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Director Of Public Prosecutions

Volume 983: debated on Monday 28 April 1980

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31.

asked the Attorney-General when he expects next to meet the Director of Public Prosecutions.

When he returns from the Commonwealth Law Ministers' conference in Barbados.

Will the Solicitor-General inquire of the DPP why it was that crucial evidence in the Lindo case was not made available to the defence until six months after the police and the Director of Appeals knew about it, and four months after the DPP himself was told? As in this case an innocent man stayed in gaol for a year, does the hon. and learned Gentleman agree that there must be a review whereby cases of that kind go immediately to the DPP, and whereby the defence is given all possible access to relevant facts?

My right hon. and learned Friend shares the sentiments underlying that question just as much as I do. It is a firm and honoured principle in the practice of the law that if information comes to hand that is of use to the defence, it should be made available to it. However, there are two parts to the question. One is the system to ensure that it happens, and the other is the question of precisely how much information should be given. The circumstances of the Lindo case disclosed a need for new rules. The Registrar of the Court of Criminal Appeal has instituted new procedures in his own court. Details of those were given in an answer to the hon. Member for Ormskirk (Mr. Kilroy-Silk) on 23 April.

When the Attorney-General meets the DPP, will he inquire how the DPP is getting on with deciding whether to prefer new charges in the Confait case? The hon. and learned Gentleman will remember that three of my constituents were convicted of that murder in 1972 and were acquitted in 1975 by the appeal court after a reference. If the DPP decides not to prefer any charges, will the right hon. and learned Gentleman refer any information that he has to Sir Henry Fisher, who made prejudicial comments about them, so that, if he wishes, he can revise his findings and at the end of the day at least provide some equity in terms of compensation, which has hitherto been denied to my constituents?

Order. We are still only on the second question to the Attorney-General, and we shall not get much further at this rate.

As to an inquiry, I think that I should confine my answer to the first part of that question. Certainly the Attorney-General and I are very interested in the outcome of the inquiry and we shall keep fully up to date with it.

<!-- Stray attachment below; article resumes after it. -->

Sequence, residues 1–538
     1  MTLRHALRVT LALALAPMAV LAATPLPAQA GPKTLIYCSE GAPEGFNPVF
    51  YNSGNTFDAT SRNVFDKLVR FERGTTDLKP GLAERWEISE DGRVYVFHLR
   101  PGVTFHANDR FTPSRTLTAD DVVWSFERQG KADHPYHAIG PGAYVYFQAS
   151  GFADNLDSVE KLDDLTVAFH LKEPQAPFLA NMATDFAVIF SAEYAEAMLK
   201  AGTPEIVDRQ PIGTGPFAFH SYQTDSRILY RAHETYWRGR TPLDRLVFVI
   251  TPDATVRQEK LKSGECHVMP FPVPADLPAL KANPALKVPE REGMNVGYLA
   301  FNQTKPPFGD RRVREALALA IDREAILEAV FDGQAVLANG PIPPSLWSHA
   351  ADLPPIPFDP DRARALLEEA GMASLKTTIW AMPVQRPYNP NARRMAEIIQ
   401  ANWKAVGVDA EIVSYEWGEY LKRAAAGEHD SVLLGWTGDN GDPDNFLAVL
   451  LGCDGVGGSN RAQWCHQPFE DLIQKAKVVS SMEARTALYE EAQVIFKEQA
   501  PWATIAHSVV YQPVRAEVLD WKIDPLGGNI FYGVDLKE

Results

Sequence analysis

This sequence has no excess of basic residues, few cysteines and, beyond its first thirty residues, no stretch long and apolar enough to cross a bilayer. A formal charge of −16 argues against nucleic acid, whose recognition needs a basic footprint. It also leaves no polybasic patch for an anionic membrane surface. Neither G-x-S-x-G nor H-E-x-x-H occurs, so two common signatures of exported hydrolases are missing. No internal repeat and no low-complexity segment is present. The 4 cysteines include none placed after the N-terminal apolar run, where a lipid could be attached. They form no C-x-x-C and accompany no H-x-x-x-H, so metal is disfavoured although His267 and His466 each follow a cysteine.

In view of the uncertainty prevailing in the courts with regard to jury vetting, will the hon. and learned Gentleman give an instruction to the DPP that there should be no further cases of jury vetting before he makes a full statement to the House? In particular, will he set out the constitutional authority for jury vetting? Would it not be better to wipe the slate clean and rely on debarring from jury service only those whom Parliament, in the Juries Act, decreed should be debarred?

It would be inappropriate for me to try to answer those important questions in the brief time available. In addition, I am sure that my right hon. and learned Friend, who has been dealing with these matters personally, would like to deal with them himself. I shall draw to his attention what the right hon. and learned Gentleman has said.

Will the hon. and learned Gentleman make it clear to the DPP that when persons are being held in custody awaiting trial, documents held by the DPP, particularly those in relation to so-called confessions, should in all circumstances be made available to the defence lawyers and not held back in the way that they are being in certain cases in Wales at the present time?

The hon. Gentleman must appreciate that there is a variety of different situations in which this question might arise. One is on appeal, in which the DPP would not necessarily have any information upon which to act. A second relates to cases with which he is directly concerned, in which case he must, of course, act quickly. The other relates to cases which in the first instance are under the control of other authorities. Here again, all that the DPP can do is to give guidance to them and do his best to see that it is carried out.